A Lithuanian archbishop who was murdered with a lethal injection after 16 years in prisons and labour camps will become the first Catholic martyr from the country’s communist era to be declared Blessed later this month.
The beatification ceremony for Archbishop Teofilius Matulionis, who died in 1962, is planned for June 25 in Vilnius, the Lithuanian capital. About 30,000 people were expected to attend.
“Besides being our first Soviet-era martyr recognised by the Universal Church, he’ll also be the first Lithuanian beatified on native soil,” said Archbishop Gintaras Grušas of Vilnius, president of Lithuania’s bishops’ conference.
He told the Catholic News Service that Archbishop Matulionis’s “radical belief” in “seeking the truth at any cost” offered an attractive message, especially for young people, who will take part in a two-day youth festival before the ceremony.
“Given current tensions in our part of the world, his call to remain at peace and follow the divine will, knowing God always gives us the gifts we need, remains highly relevant,” Archbishop Grušas said.
“Witnessing to one’s faith doesn’t necessarily mean going as far as death. There are also lighter forms of persecution happening daily in our societies, which it also requires courage to face,” he said.
Born in 1873 in Kudoriskis, Lithuania, Archbishop Matulionis was ordained in St Petersburg in 1900, and took charge of the city’s St Catherine Church in 1910. Jailed for three years during the 1923 trial of Archbishop Jan Cieplak and other Catholic clergy, he was secretly made a bishop six years later following his release, but then sent without trial to the Solovki prison on the Solovetsky Islands in the White Sea.
Archbishop Matulionis was allowed to return to Lithuania in a prisoner exchange in 1933. He helped to propagate devotion to the Sacred Heart while serving as a military chaplain.
He was appointed bishop of Kaišiadorys in 1943 but was arrested in 1946 for refusing to collaborate with Lithuania’s Soviet occupiers. He was sent to several prisons, only resuming episcopal functions secretly when freed in 1956.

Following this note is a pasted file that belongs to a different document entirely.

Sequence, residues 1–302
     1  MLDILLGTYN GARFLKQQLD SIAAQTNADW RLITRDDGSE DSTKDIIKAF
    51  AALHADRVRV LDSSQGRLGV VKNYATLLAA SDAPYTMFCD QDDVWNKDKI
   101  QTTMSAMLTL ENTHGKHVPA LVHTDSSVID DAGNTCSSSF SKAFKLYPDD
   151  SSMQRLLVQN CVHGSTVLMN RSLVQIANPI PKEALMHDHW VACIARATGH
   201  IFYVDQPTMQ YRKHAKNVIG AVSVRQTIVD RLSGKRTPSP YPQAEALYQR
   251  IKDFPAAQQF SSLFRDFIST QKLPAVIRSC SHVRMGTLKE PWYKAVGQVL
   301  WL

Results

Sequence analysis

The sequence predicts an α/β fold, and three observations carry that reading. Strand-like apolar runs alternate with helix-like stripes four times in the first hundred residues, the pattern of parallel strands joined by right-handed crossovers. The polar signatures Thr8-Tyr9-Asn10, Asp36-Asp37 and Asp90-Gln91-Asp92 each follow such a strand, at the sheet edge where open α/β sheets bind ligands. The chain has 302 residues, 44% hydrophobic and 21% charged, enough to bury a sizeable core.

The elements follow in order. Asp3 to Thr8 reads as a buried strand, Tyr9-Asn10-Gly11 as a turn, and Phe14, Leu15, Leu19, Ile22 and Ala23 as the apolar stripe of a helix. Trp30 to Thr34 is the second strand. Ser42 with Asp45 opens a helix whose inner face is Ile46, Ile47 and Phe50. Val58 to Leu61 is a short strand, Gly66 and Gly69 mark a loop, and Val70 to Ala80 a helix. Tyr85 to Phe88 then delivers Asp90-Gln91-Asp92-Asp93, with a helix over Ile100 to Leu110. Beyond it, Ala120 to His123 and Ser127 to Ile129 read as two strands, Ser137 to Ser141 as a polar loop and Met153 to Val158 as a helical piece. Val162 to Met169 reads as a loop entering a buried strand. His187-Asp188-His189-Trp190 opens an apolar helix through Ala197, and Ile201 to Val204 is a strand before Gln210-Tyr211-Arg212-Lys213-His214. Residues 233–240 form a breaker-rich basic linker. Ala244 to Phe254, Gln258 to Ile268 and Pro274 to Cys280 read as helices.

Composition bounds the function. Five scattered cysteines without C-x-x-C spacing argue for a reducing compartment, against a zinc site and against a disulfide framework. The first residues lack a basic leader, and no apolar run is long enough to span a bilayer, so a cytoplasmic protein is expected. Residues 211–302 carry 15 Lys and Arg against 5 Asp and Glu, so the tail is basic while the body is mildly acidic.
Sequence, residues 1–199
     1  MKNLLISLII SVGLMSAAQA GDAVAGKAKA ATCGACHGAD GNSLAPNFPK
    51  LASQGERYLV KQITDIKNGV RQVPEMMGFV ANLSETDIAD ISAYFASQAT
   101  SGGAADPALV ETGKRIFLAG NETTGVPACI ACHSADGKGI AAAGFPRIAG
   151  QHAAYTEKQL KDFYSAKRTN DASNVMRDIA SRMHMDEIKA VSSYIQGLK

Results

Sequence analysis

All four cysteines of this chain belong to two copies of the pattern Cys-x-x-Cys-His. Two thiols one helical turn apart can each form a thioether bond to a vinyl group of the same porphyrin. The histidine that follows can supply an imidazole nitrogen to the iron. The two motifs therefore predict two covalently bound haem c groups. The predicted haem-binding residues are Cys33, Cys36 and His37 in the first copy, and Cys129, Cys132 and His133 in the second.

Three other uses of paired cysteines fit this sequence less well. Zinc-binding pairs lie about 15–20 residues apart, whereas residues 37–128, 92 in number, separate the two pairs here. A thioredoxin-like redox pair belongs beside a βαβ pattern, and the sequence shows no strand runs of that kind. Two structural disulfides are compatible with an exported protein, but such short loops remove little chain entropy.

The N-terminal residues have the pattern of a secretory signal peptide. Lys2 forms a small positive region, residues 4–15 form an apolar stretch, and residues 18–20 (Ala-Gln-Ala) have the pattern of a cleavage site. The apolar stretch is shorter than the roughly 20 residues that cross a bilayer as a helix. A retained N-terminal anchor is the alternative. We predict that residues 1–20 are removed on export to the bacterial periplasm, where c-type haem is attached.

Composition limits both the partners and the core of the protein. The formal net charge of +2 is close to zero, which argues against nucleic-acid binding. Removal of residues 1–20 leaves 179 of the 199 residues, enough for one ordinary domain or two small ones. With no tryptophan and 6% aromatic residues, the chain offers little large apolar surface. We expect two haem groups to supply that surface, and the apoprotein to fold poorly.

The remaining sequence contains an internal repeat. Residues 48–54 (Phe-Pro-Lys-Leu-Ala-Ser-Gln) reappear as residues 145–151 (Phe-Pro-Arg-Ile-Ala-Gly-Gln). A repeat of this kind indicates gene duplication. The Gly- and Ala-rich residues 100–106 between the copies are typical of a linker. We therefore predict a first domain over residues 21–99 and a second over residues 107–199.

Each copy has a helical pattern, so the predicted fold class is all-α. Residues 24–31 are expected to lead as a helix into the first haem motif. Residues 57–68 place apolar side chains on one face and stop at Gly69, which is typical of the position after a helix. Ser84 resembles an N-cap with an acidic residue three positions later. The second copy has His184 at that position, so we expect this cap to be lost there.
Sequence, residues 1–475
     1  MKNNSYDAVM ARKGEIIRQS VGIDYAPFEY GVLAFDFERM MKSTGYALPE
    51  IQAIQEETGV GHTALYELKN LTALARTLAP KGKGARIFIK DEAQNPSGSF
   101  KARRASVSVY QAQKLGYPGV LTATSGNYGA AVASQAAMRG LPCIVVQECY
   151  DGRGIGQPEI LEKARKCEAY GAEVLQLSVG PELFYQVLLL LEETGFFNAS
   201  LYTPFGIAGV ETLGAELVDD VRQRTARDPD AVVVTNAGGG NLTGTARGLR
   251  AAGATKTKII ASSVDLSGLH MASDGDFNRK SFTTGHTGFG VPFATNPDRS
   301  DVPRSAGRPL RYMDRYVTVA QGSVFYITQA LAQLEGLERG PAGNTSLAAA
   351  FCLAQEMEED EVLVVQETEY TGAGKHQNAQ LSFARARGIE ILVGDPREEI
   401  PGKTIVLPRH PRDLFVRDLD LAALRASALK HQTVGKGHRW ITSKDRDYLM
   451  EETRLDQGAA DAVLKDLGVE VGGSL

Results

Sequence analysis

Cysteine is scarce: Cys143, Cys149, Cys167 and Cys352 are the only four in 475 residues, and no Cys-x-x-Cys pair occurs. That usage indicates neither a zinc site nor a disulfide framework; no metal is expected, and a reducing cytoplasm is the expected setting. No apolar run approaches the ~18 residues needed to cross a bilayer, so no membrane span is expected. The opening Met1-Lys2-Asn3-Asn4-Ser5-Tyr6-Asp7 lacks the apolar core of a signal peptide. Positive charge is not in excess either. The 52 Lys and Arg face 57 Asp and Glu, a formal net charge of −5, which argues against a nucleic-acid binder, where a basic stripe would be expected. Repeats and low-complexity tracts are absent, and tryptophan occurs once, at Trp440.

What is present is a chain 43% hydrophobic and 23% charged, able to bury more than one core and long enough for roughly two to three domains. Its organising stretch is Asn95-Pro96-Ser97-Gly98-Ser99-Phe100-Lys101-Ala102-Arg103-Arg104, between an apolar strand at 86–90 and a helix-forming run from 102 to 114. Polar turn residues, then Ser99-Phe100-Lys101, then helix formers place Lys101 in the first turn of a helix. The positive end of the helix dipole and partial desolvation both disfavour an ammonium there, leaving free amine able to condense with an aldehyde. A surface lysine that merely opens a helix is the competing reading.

He was raised to archbishop by John XXIII in 1962. He dies on August 20, 1962 from a lethal injection, believed to be administered by a KGB police nurse followinga brutal beating at his apartment.
Amoris has not changed doctrine, say Polish bishops
Amoris Laetitia has not changed Church doctrine on Holy Communion for divorced and remarried people, the Polish bishops’ conference has said.
Following a plenary meeting, the bishops said that Catholics in non-sacramental relationships should be led to “true repentance and sacramental reconciliation” with their spouse and children born in this union.
Amoris Laetitia must be read in agreement with Church teaching, especially in relation to Pope John Paul II’s exhortation Familiaris Consortio, which reiterated the Church’s ban on divorced and remarried couples receiving Communion.
“Familiaris Consortio and Amoris Laetitia are in the same line, with this linear understanding of these documents,” the bishops said.
Fr Pawel Rytel-Andrianik, spokesman for the bishops’ conference, said the bishops were calling for “a new approach to [the divorced and remarried] to try to include them in the life of the Church, in the light of Amoris Laetitia and in the light of Familiaris Consortio 84.”
Fr Rytel-Andrianik said that Poland’s bishops’ conference was in the final stage of drafting its official guidelines on applying Amoris Laetitia.
Melania ‘was baptised in Slovenia’
A Slovenian cardinal has said that Melania Trump was baptised in her mother’s home town of Raka in Slovenia.
Cardinal Franc Rodé, prefect emeritus of the Vatican’s congregation for Religious, spoke to the First Lady at the Vatican last month. During her visit Mrs Trump placed flowers at the feet of a statue of Mary and asked the Pope to bless her rosary beads.
If she had been baptised as a child – during communist rule – the ceremony would have been in secret.